As you reflected upon Nolan’s words of Liberation Theology, our empathetic response has nothing to do with pity, but it is rather an equal exchange of transformational power of presence, a sort of compassionate human solidarity.

  3. Joe, thank you for your kind feedback and great questions worth of many important discussions. Buddhism is very diverse and yet what all Buddhist agree with is that there are karmic consequences to one’s actions within the central concept of dependent co-arising. In that sense justice, as harmony and wholeness of all, makes sense. The early Buddhist texts (both The Pāli Canon and the Mahāyāna texts) do speak of compassion as an immeasurable virtue that leads to welfare and happiness. Bhikku Bodhi, a prominent American Buddhist monk, scholar and translator of the the Pāli texts, wrote a lot on what we call today engaged compassion from the Theravada perspective. Please check out his online article on the recent government shutdown. The West’s secular approach to Buddhism as cultivation of the individual, I think, is somewhat misunderstood. The Mahāyāna sutras do speak of cultivation of one’s mind, not the individual. They teach to “subdue your mind,” together with the “practice of virtue” for the benefit of all beings. The Avataṃsaka Sūtra, one of the well-known early Mahāyāna texts elucidates that wisdom only exists for the sake of putting it into practice; that it is only good insofar as it benefits all living beings. Śāntideva, the author of the most known Mahāyāna text, the Bodhicaryāvatāra, in his inner dialogue on the teachings of the Buddha, focuses on the benefits of bodhicitta, the compassionate wish to reach full enlightenment for others. As you mentioned the Dalai Lama has done many teachings on this texts and has written several in-depth commentaries. Like him, many other prominent Buddhist scholars and teachers, have used this text of the prominent Indian master and Buddhist monk to embody compassion, by cultivating their mind, conscientiousness, mindfulness, etc., with a selfless aspiration – to alleviate the suffering of the world.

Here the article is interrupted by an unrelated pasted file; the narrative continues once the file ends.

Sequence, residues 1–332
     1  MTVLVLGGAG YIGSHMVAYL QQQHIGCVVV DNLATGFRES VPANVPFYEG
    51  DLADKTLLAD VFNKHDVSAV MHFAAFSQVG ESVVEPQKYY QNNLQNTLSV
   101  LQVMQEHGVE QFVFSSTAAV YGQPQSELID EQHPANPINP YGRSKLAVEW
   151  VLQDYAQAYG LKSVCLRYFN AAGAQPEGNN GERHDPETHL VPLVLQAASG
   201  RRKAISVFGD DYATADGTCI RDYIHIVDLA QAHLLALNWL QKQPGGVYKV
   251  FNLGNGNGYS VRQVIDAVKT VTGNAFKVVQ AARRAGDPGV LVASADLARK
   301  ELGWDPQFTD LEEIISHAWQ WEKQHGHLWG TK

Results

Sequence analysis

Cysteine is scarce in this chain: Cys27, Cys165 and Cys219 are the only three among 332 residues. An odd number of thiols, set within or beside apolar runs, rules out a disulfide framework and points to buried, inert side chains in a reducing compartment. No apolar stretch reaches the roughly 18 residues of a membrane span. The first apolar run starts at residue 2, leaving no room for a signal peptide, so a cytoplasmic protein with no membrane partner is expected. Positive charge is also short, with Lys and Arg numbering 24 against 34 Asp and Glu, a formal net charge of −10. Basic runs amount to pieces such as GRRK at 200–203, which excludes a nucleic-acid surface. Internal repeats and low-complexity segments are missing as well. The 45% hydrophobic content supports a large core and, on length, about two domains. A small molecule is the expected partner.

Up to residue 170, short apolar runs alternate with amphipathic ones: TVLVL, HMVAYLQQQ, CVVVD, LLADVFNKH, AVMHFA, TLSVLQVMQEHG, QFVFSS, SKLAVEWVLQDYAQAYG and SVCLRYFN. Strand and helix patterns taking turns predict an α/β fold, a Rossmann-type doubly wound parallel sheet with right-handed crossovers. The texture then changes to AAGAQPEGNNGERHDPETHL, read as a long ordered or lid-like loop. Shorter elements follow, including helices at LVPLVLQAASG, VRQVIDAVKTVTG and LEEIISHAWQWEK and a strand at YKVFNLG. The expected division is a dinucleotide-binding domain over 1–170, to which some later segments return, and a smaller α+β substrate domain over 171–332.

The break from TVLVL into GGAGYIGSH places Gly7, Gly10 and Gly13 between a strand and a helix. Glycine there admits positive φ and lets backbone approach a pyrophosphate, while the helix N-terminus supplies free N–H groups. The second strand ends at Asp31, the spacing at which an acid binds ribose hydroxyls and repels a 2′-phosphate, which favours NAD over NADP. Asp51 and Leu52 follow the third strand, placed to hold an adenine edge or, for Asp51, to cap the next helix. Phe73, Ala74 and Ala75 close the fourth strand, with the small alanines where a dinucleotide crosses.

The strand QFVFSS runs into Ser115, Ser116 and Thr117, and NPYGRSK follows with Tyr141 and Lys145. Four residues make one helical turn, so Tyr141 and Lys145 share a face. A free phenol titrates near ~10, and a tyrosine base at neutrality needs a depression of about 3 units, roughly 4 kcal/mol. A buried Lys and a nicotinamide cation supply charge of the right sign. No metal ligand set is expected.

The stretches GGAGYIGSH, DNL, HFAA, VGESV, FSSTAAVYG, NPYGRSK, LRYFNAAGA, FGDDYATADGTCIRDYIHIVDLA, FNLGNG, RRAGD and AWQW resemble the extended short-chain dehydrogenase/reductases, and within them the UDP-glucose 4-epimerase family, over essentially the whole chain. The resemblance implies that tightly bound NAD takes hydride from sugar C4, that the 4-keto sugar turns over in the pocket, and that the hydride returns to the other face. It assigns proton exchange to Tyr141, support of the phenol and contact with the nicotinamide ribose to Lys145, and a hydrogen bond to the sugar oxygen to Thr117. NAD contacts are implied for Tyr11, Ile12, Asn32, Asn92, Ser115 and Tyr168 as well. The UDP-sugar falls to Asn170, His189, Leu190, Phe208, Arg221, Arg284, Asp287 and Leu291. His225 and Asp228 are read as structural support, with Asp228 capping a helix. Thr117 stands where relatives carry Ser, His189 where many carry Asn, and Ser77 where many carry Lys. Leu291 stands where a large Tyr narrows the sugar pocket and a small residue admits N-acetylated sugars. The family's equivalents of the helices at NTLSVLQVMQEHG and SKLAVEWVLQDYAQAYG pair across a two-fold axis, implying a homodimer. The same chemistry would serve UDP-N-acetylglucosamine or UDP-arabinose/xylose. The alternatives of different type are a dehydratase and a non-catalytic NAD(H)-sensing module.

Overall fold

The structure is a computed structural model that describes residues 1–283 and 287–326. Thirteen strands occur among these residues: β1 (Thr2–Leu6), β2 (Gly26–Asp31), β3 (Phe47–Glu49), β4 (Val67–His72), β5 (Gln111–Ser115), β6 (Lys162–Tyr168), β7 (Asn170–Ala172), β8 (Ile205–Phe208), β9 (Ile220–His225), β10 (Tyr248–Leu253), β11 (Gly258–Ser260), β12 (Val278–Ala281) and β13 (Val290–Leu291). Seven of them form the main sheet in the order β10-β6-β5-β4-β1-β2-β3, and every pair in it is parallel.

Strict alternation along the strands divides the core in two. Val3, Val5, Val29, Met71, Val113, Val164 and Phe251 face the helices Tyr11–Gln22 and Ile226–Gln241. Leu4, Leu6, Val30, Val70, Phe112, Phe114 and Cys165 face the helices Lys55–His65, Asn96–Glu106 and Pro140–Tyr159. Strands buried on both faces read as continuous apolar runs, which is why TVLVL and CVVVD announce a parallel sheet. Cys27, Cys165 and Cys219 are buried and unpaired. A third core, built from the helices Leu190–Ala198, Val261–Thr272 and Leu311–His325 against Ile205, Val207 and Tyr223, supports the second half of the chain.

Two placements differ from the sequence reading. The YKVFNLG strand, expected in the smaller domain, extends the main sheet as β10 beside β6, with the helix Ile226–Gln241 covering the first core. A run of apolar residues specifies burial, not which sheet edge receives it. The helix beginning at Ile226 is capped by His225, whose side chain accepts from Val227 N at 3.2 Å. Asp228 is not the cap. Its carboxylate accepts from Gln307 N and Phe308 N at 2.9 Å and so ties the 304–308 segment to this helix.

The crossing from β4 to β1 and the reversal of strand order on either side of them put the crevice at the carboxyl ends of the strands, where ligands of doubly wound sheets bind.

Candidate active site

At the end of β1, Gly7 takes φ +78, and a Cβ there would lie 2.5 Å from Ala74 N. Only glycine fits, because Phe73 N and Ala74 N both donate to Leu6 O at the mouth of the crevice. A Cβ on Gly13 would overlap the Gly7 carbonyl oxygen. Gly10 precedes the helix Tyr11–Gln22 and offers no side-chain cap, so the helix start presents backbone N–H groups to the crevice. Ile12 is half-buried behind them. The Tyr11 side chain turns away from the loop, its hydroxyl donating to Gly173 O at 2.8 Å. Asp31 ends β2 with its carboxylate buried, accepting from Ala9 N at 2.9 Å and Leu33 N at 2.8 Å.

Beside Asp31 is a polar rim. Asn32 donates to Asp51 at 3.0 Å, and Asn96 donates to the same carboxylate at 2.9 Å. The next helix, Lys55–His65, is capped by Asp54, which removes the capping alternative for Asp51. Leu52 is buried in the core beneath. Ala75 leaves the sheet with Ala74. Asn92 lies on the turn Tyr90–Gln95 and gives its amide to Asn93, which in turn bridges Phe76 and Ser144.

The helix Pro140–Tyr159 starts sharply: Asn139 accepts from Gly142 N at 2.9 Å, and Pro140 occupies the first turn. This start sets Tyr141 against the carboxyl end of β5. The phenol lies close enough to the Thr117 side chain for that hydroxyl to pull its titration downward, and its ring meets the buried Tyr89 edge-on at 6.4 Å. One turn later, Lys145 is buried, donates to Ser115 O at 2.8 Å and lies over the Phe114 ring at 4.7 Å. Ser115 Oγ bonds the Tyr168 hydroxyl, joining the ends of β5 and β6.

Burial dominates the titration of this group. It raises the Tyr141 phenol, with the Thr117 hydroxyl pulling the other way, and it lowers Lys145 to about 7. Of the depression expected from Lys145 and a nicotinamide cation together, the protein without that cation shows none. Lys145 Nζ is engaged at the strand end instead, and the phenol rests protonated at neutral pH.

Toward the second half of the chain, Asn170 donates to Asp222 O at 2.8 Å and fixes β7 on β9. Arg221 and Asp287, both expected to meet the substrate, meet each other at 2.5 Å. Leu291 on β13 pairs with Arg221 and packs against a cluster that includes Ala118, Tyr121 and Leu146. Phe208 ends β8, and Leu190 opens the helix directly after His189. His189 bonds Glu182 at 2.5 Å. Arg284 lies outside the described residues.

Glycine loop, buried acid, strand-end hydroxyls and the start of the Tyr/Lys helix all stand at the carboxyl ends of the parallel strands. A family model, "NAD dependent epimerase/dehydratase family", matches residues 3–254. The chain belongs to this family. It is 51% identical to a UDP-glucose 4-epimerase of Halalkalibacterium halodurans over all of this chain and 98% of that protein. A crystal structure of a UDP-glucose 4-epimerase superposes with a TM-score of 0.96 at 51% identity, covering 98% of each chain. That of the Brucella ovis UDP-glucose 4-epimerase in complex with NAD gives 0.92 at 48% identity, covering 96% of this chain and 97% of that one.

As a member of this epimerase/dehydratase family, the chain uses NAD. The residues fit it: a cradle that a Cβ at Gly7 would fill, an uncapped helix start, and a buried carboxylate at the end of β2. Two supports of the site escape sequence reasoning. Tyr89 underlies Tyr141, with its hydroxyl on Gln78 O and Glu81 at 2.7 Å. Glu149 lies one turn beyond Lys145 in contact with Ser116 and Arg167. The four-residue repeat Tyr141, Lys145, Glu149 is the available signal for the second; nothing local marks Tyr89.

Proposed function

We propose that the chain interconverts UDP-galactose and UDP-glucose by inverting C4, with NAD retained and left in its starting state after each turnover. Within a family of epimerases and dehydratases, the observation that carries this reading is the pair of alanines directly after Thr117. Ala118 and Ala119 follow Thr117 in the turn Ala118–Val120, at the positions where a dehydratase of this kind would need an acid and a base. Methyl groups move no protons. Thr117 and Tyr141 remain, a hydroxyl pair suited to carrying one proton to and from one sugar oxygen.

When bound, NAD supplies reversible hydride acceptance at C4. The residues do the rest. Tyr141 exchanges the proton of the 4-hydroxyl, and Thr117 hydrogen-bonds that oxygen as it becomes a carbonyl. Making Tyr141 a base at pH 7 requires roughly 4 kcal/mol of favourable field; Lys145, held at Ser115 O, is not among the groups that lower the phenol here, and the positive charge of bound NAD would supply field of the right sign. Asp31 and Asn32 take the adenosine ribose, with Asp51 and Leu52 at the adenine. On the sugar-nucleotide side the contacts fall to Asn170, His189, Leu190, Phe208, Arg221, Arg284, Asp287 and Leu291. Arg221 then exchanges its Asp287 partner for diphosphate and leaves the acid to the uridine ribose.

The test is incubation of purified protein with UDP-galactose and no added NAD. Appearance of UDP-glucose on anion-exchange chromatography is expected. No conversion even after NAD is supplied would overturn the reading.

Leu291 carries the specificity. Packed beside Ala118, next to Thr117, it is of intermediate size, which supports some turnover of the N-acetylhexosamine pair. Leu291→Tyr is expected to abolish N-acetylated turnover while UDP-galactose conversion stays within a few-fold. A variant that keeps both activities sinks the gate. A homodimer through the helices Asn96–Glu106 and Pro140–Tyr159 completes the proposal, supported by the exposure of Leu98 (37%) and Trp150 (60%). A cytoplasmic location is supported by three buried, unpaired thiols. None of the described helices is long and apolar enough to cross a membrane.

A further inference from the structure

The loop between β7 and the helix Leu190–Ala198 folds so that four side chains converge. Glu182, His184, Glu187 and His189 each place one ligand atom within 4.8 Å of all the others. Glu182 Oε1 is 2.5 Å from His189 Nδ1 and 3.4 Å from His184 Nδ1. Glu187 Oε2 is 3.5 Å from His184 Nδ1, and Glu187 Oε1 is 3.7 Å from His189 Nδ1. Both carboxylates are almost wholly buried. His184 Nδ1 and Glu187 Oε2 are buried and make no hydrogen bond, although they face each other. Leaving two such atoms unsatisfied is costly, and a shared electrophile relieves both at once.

1. Enver, I really appreciate that thoughtful reply. Unless we stretch the meaning of those writings, though, they do not speak to our modern understandings of justice, at least, not as social justice as distributive (meaning we need more equitable allocation of material goods) nor really even of recognition (we need to give political recognition to politically identified groups). To be fair, I don’t think Christianity has this either, but our modern understanding comes, at least in part, from that tradition. My feeling is a Buddhist understanding of social justice (I’m hesitant to even say “Buddhist,” as it is a huge tradition) would be different than this, though not antithetical perhaps. Would it even recognize a concept of “social” justice? How would suffering play in? For example, Amartya Sen and Martha Nussbaum have their capabilities approach to justice, where everyone needs to have certain capabilities, but in liberal fashion, are then left to fail or succeed. Would a Buddhist conception of justice stress the importance of suffering, and that we have to give support to those who suffer at every turn, something beyond the capabilities approach? Sorry for riffing here – your comments and response generated a lot of thinking for me, and I am very grateful.